Don’t look at the future. We drew something awful on it.

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L.I. Underhill is a media critic and historian specializing in pop culture, with a focus on science fiction (especially Star Trek) and video games. Their projects include a critical history of Star Trek told through the narrative of a war in time, a “heretical” history of The Legend of Zelda series and a literary postmodern reading of Jim Davis' Garfield.


  1. Froborr
    September 30, 2015 @ 3:24 am

    I've never even heard of Jae before, that's great!

    I dunno about her being Picard's date, though. If she is, I don't think it's going very well, their body language is very stiff and separate, even if their shoulders ARE touching.

    Braga does these sorts of mini-horror movies very well. At least until that "de-evolution" one, anyway.


  2. Josh Marsfelder
    September 30, 2015 @ 11:36 am

    Well maybe it was an awkward first date. Maybe Jean-Luc was looking for someone to commiserate with during the reading and Jae was available. Maybe Jean-Luc was trying to get to know the other members of the crew better but went about it a weird way. I'd imagine it would feel awkward for a junior (possibly even enlisted) officer to be hanging out with the Captain. They probably don't have a ton to talk about together except how bad Data is at poetry. Especially considering Jae doesn't talk.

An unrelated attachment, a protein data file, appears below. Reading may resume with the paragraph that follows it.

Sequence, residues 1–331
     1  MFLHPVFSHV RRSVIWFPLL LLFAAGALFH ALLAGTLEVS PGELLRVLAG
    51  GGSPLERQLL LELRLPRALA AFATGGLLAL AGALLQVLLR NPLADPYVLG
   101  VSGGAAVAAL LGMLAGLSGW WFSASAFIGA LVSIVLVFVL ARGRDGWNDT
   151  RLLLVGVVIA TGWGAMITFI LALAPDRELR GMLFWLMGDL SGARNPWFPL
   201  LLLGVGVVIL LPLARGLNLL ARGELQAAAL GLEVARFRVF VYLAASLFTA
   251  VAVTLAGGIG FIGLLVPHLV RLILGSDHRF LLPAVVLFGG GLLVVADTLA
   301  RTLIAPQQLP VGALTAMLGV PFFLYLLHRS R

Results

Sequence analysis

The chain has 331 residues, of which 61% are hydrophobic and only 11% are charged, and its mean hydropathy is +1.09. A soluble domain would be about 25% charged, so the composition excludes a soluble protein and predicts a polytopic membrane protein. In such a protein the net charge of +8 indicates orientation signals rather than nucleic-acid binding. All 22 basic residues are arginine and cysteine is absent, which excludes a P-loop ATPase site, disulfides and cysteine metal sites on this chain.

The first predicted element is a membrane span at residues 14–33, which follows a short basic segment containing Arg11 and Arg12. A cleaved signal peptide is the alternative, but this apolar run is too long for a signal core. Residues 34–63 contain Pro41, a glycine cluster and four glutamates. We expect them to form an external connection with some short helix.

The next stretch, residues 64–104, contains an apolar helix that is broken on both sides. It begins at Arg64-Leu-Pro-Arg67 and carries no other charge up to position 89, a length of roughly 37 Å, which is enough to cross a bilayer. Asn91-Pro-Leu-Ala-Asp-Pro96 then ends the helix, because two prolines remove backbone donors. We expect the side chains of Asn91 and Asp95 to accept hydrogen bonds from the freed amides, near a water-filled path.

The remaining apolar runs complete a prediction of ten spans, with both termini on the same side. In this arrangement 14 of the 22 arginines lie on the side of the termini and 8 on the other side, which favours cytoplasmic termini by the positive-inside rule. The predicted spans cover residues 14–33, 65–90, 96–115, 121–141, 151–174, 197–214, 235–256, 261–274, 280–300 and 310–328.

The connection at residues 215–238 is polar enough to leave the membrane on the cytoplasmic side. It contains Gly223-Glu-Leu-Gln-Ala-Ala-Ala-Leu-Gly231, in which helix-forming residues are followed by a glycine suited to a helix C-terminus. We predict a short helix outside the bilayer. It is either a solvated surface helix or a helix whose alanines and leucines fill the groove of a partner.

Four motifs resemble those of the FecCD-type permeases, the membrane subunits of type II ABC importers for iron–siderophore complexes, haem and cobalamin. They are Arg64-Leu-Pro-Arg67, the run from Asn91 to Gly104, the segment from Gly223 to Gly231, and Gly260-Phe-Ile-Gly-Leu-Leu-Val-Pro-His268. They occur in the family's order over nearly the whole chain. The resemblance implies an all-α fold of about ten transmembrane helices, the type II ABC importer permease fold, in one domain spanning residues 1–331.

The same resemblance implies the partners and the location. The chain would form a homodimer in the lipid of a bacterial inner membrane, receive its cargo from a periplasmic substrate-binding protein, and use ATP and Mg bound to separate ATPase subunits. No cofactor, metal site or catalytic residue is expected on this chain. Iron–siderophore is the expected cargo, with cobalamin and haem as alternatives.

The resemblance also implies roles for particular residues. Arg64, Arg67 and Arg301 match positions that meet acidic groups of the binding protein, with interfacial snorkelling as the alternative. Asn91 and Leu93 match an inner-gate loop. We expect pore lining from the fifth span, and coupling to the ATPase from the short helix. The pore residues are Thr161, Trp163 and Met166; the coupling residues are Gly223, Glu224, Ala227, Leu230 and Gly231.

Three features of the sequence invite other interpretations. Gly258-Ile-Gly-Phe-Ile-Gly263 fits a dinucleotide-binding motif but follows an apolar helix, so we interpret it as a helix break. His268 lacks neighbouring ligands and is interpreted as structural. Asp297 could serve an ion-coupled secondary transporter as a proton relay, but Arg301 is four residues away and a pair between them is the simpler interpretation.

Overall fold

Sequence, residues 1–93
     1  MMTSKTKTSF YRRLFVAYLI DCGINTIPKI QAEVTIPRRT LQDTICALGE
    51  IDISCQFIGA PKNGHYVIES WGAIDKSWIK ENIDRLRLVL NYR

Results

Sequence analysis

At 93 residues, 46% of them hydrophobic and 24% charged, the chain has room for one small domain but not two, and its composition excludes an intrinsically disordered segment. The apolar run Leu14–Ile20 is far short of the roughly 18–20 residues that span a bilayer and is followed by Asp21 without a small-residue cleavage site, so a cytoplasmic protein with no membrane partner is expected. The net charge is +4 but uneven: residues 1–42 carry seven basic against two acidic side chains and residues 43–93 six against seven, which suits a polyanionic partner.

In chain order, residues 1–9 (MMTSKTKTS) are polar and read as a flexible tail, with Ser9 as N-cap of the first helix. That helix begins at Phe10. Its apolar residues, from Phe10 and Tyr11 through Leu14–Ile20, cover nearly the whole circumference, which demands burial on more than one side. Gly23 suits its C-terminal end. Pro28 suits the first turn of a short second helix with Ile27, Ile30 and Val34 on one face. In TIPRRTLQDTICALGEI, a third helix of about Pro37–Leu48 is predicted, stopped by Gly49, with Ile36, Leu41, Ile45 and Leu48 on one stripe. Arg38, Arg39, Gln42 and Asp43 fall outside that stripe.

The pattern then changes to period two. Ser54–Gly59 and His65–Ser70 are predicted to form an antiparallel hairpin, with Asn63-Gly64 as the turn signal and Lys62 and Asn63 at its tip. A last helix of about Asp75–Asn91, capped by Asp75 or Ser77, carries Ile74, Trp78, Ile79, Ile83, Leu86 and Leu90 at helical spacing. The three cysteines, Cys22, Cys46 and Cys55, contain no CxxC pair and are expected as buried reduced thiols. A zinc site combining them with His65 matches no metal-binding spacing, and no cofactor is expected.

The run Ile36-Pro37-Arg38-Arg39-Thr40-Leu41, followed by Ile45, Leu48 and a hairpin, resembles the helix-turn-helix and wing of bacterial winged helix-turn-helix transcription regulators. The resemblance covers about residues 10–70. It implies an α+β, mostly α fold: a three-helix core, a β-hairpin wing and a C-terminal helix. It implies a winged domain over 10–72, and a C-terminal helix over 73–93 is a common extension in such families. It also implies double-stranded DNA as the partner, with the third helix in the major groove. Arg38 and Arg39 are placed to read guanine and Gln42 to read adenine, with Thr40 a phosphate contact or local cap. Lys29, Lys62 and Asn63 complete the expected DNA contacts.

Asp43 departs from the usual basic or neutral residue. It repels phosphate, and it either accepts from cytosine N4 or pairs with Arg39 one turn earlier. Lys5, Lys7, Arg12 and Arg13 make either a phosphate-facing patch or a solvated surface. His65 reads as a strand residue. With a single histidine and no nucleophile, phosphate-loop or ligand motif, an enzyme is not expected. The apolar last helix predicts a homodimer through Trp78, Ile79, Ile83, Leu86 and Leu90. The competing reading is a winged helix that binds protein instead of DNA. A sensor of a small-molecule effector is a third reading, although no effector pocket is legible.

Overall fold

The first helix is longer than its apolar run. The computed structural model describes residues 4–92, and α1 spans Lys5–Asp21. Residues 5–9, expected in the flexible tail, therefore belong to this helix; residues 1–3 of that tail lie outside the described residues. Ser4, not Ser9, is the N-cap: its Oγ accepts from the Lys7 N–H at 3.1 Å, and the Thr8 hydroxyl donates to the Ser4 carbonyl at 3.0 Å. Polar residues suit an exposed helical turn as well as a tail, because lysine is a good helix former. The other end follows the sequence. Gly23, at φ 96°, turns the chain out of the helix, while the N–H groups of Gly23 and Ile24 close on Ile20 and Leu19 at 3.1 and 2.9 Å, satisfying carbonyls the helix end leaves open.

And I like "Genesis", actually! It's profoundly stupid for sure, but I always got a kick out of the suspense and the creepy makeup. And Gates McFadden is a good director! I'm really looking forward to writing about that one!


  3. K. Jones
    September 30, 2015 @ 1:24 pm

    This episode is a brilliant Frakes/Riker episode. Easily one of the top five. He's definitely the guy to go to if you're doing "day in the life", though LaVar's Geordi gives him a run for it here. They've also finally gotten into a proper groove of turning any episode into a solid ensemble piece and I believe more often than not that will be a hallmark of the rest of these later seasons, as they're so adept at being ensembles that the guest regulars like Ro and Keiko and Miles and Guinan all get plenty of room to play as well.

    But that also speaks to the 'day in the life' model, as it's a perfect format for focusing 'strictly' on one or two characters but having actual human-like, personal, meaningful you know … roles … for everyone else to play. And like I said, Riker is clearly the guy to do this with. He's so personable – we understand at this point that he's the loyal friend to everyone and that's where his charm and competency come from, and so the mystery of the day almost starts off as another "let's do" episode – one that really speaks to me just because I suffer from massive sleep disorders that entirely affect my day-to-day life and I can completely understand both ends of a skewed circadian rhythm and how they can turn everything upside down.